All the veterans on the trip were given a care package, which included thank you letters from West Virginia school children, a book about all the war memorials and several other keepsakes.
“It was pretty neat all the thank you notes that were in there,” Crist said. “I really enjoyed that, reading those.”
The letters brought back memories for Crist from when he would send letters home during his deployment. As Wooddell explained, other than “chow time,” the most important time for the men was mail call.
“Whenever mail could get delivered, they looked forward to the mail,” he said.
“How often did your mom write to you when you were out there?” Wooddell asked Crist.
“Maybe once a month,” Crist replied. “It wasn’t regular. Whenever she could get through.”
“I think that he said she wrote him every day, but the letters came in a bundle for a whole month,” Wooddell added.
Crist wrote his mother at least once a week, but said all the letters would be censored because there were things they could not tell their families, like where they were located.
“I sent a letter to her about once a week, but it had so much cut out that you couldn’t tell much about it,” he said. “I tried to tell her where I was. I told them in one, ‘I hope the guinea pigs were doing pretty good,’ so they could know I was in New Guinea. They didn’t cut that out.”
After a long day of touring around D.C., the group returned to Baltimore to catch the plane back to Clarksburg. They touched down at 9:45 p.m., with Crist and Wooddell leading the group off the plane. The group got a true hero’s welcome similar to those soldiers returning from war get.
“When we got off the plane, they had the local county honor corps and on the right side they had a group of Vietnam vets and girl scouts and boy scouts,” Wooddell said. “They were holding all the flags and then we got a little further down and there was a fence line that had all the people that were waiting on their friends and family that were on the trip.
“They had the East Fairmont band there and people came out from all over Clarksburg to welcome us back,” he continued. “They did a water cannon shoot over the airplane. It was just very well organized.”
Wooddell was very complimentary of the organization and said the administrator did a great job with the tour. He was moved by her parting words as they left the plane that evening.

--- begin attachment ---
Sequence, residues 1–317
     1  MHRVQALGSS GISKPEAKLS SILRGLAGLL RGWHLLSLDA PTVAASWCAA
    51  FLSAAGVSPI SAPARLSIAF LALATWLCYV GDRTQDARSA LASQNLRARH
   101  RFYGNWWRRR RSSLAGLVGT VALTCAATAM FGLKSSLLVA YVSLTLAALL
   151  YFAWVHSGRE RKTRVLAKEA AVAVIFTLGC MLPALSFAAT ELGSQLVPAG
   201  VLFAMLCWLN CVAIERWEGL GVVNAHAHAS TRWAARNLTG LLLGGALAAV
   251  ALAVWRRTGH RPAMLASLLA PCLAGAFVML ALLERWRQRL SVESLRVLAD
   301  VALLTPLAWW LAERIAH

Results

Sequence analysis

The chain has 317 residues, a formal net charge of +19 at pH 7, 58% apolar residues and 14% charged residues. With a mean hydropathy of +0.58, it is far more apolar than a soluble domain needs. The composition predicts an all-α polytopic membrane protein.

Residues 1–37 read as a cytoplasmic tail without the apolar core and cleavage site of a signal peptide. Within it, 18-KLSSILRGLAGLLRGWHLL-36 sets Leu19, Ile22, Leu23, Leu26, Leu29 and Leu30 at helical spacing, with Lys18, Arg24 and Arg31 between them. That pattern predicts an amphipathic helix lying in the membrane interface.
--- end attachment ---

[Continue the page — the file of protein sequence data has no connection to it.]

“I think the best quote was when the administrator of the whole thing said – when we got off the flight – she said, ‘to the World War II vets who are on board, we want to thank you for our freedom. To the Korean vets, you are not forgotten and to the Vietnam vets, welcome home.’ That was kind of her parting words when we got off the plane.”
The West Virginia Honor Flight was one of six in D.C. that day and Crist and Wooddell said they got to meet veterans from other states while they were visiting the memorials.
“It was interesting talking to them,” Crist said. “This one boy…”
“He was an escort from the Buffalo/Niagara group,” Wooddell inserted. “He walked up to Harold and said, ‘are you a World War II vet? Harold said, ‘yes,’ and he just started shaking his hand and started a conversation, saying thank you and all this kind of stuff. We didn’t think he was ever going to let go of his hand.”
“Sometimes it almost made you cry,” Crist said, of the interactions he had. “It was touching, very touching.”
In his 98 years of life, Crist has made so many wonderful memories with his family, friends and community. The Honor Flight experience has become one of his favorite days and one of those wonderful memories he will cherish.
“It’s one of the most amazing trips that I’ve ever had,” Crist said. “I had to wait ninety-eight years. I was so thankful that I could walk and do it all. I thought it was awesome.”